Impromptu Champion: Biglaw Lawyer Turns to D.C. for Good

Impromptu Champion: Biglaw Lawyer Turns to D.C. for Good

Biglaw lawyer Steve Chambers had no intention of becoming an impromptu champion of the District of Columbia on Friday when he found himself involved in a protest against the Trump administration’s controversial border-crossing policy.

Chambers, a corporate lawyer at one of New York City’s biggest Biglaw Lawyer firms, has never been to Washington, D.C., let alone participated in any kind of political demonstration there.

But that was before he saw families being separated and children crying for their parents. That was before he felt compelled to step in and do something about it — even if it meant getting arrested in the process.

Small gesture leads to the big moment

I remember my day as if it was yesterday. I woke up in Chicago and didn’t feel well enough to go into the office. So I quickly showered and headed out on a three-hour drive back home – after taking a wrong turn, arriving late and,

I think, feel angrier than anything else at myself and everyone who surrounded me with no tolerance for mistakes. Suddenly all the work that had come so easily this past year seemed entire too hard; life moved fast and never slowed down long enough for me to catch my breath.

That’s when I looked across and saw two women getting into a black car in front of me. The driver looked as though she was struggling with her seat belt and kept hitting her head against her steering wheel in frustration. And although she never spoke,

I could tell by her body language that it wasn’t going well, so I made my way around traffic and came up behind them, leaning on my horn until they had moved over far enough for me to pass them.

Justice becomes personal

Throughout his decades-long career, Geoff Millard has juggled the demands of raising a family with maintaining a successful legal practice—and he loves it. He loves the challenges and being a problem solverBiglaw Lawyer.

But Millard had never been compelled or drawn back to the legal field as much as after witnessing firsthand the effects of growing racial inequality on individuals and communities in DC.

Millard saw what discrimination did to people’s lives. Seeing  Biglaw Lawyer’s entrenched need, and only temporarily dividing his time between Virginia Beach and Washington,

DC at first, Millard’s lifelong professional ambitions took on an entirely new meaning that extended beyond litigation strategies and gave him a purpose in a way he couldn’t have imagined before.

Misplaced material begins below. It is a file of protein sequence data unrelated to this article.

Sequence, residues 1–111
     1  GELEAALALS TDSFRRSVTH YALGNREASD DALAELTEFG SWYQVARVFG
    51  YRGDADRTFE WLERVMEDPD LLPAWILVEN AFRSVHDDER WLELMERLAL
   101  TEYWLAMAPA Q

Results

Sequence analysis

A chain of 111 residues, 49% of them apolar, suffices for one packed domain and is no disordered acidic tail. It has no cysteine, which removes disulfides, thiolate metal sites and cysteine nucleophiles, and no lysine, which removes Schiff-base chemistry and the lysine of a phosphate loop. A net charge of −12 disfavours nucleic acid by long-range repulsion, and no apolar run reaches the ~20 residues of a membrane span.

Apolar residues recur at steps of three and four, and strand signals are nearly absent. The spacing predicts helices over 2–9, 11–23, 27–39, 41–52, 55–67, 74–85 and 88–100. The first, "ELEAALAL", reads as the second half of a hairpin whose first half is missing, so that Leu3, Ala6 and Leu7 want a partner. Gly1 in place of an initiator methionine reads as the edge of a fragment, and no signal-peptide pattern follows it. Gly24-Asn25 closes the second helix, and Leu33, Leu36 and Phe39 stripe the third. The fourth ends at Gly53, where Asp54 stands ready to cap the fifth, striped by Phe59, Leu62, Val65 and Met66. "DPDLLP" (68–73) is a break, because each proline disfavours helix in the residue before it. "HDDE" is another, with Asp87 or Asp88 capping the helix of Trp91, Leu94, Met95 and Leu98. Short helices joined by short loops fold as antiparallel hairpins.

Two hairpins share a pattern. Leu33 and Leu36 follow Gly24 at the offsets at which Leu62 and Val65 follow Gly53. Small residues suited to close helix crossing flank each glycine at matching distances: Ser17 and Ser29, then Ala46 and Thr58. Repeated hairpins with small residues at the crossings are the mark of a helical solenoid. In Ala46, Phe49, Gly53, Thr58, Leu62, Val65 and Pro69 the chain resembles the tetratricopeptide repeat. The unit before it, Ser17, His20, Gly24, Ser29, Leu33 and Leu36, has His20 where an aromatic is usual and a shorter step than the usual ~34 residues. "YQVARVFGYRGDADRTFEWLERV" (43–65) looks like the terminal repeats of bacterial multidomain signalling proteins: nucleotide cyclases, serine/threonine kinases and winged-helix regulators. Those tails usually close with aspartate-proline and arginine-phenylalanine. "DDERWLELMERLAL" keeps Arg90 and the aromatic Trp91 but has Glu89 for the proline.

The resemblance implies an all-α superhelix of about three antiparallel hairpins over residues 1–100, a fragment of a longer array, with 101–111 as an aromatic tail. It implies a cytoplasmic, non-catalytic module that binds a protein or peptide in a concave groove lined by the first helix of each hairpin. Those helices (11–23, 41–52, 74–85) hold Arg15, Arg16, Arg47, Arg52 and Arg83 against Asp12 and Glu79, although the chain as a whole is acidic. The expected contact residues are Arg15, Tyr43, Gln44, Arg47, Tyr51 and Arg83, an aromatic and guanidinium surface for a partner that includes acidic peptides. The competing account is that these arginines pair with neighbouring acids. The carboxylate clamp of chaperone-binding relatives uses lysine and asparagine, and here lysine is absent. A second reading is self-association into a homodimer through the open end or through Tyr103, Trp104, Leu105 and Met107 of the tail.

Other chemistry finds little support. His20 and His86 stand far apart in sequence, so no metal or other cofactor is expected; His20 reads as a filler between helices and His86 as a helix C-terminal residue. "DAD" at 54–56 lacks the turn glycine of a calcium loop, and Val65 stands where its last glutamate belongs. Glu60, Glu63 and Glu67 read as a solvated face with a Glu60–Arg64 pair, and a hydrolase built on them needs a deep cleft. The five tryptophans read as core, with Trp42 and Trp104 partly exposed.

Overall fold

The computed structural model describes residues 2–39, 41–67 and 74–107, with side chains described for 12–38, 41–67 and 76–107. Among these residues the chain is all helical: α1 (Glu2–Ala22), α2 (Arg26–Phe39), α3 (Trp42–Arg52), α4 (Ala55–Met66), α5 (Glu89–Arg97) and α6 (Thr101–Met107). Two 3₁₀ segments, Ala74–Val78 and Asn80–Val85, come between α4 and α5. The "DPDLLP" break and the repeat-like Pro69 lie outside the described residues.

Helping the homeless gets results

Inspired by the outrageously high rates of homelessness in her Biglaw Lawyer hometown, Sister Megan Rice, SNDdeN (whose background includes time spent as a litigator at Skadden Arps) and two fellow Catholic nuns broke into the Y-12 National Security Complex in Oak Ridge,

Tennessee and cut fences with wire cutters, crossed onto the nuclear weapons plant property, hung banners, and hammered on the exterior walls of buildings–in short, they turned anti-nuclear weapons protest into a compelling news story that ensured their safety.

Megan Rice says that God is watching, and hopefully, there are many eyes of justice in our world looking out for those in need. The government claims that it’s spending a billion dollars on homelessness;

meanwhile, Biglaw Lawyer they’re cutting food stamps and forcing struggling citizens into unhealthy locations such as alleyways or train stations where they’re more likely to die early.

Everyone should do their part because while Megan was brave enough to s Biglaw Lawyer tep up and get arrested doing what she believed was right, we should all be following her example by getting out into our communities and fighting back against corporate greed with real change–not just online activism. Those who work together can make a difference.

Smart Legal-Tech Solutions Could Help Solve Homelessness in  Biglaw Lawyer

With the help of some friends, I have begun walking at least three miles a day around downtown Washington, DC to combat homelessness there. There are roughly 13,000 homeless people here who need shelter and care every year,

but there is only space for about 4,200 beds. The streets of DC overflow with homeless families and individuals of all ages. It’s an overwhelming problem that won’t be solved by trying to keep people out or letting their plight fester on the street; we must work together as a community if we want it resolved.

It’s up to lawyers like me to use the power of technology as our main tool in this fight against homelessness in America.

Keep browsing Law Scribd for more updates.

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